Where the Bufala Roam


For years, the only buffalo-milk cheese available in the U.S. was Italian mozzarella di bufala. It came from the Campania region around Naples, where the water buffalo were. But that’s rapidly changing.
Entrepreneurial farmers in Northern Italy have now established bufala herds there, mostly in Lombardy, to capitalize on booming demand for the rich bufala milk. Rather than sell their milk to the mozzarella factories in Campania, they’ve begun to create their own bufala cheeses, often based on traditional Lombardian recipes. That’s the story behind the lovely Quattro Portoni cheeses, like Casatica and Blu di Bufala, and the wildly successful Camembert di Bufala.
New on the scene: Bergamino di Bufala (pictured above), a semisoft bloomy-rind cheese that demonstrates the potential of this exceptional milk. Why did it take cheesemakers so long to realize what latte di bufala can do?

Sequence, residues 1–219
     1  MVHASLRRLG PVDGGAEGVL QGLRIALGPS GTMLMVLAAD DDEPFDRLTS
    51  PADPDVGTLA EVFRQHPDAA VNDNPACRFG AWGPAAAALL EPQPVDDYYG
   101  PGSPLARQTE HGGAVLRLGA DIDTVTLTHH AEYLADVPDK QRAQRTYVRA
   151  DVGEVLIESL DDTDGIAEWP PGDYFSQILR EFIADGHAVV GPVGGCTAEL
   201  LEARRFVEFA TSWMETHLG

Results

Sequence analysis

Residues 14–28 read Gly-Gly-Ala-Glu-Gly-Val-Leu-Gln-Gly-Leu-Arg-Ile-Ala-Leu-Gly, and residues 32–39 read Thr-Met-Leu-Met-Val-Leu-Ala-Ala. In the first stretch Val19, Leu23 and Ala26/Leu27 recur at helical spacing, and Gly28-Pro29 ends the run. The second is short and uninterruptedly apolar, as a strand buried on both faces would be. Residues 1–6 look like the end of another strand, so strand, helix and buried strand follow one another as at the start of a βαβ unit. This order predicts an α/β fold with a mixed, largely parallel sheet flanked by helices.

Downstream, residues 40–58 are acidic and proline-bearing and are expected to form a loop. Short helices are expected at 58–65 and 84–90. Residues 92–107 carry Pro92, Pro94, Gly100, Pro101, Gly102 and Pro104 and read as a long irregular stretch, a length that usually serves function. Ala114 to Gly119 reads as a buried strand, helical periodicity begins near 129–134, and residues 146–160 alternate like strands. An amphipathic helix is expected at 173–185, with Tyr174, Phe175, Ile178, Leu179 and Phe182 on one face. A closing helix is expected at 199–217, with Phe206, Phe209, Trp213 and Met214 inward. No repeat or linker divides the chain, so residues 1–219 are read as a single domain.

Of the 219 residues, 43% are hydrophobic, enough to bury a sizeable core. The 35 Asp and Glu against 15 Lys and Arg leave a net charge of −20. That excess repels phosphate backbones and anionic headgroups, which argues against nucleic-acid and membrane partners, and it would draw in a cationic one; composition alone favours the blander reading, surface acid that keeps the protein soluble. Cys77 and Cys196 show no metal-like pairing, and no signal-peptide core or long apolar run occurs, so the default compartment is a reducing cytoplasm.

Water buffalo don’t yield a lot of milk, but what they give is high in fat and protein—the “solids” that cheesemakers want.  A fat content of 10 percent would not be uncommon. (Cow’s milk averages about 3-1/2 percent.) I tasted water-buffalo milk in Italy, and it was dense, sweet and creamy, like half-and-half.
Bergamino di Bufala is a roughly four-pound square, resembling a thick Taleggio in shape. The rind is thin and edible, but cut it away if you don’t like the taste. The interior is off-white to pale ivory with many tiny openings, a moist texture and a faint mushroom aroma. The flavor is milky, sweet and delicate, with bright acidity in the finish. The importer estimates that it’s only matured for three to four weeks, and it isn’t intended for keeping. Its subtlety calls for a light- to medium-bodied white wine, like a Gavi or Pinot Grigio.
Currently, Northern California Whole Foods have snapped up almost all of the supply for a regional promotion. I purchased some at Sunshine Foods in St. Helena at $26.99 a pound, but you may not find the cheese elsewhere until the Whole Foods promotion ends.

Olives in the Hot Seat


Although I keep my olives in the refrigerator, I never serve them cold. A gentle warming in olive oil heightens their flavor and gives me the chance to add seasonings, like crushed fennel seed, oregano or sliced garlic. Warm green olives with aged cheese, like Vella Dry Jack or Manchego, is one of the simplest appetizers you can make. You’ll find the recipe on my web site, along with several other winter favorites. To drink? Fino sherry for me—preferably straight from the fridge.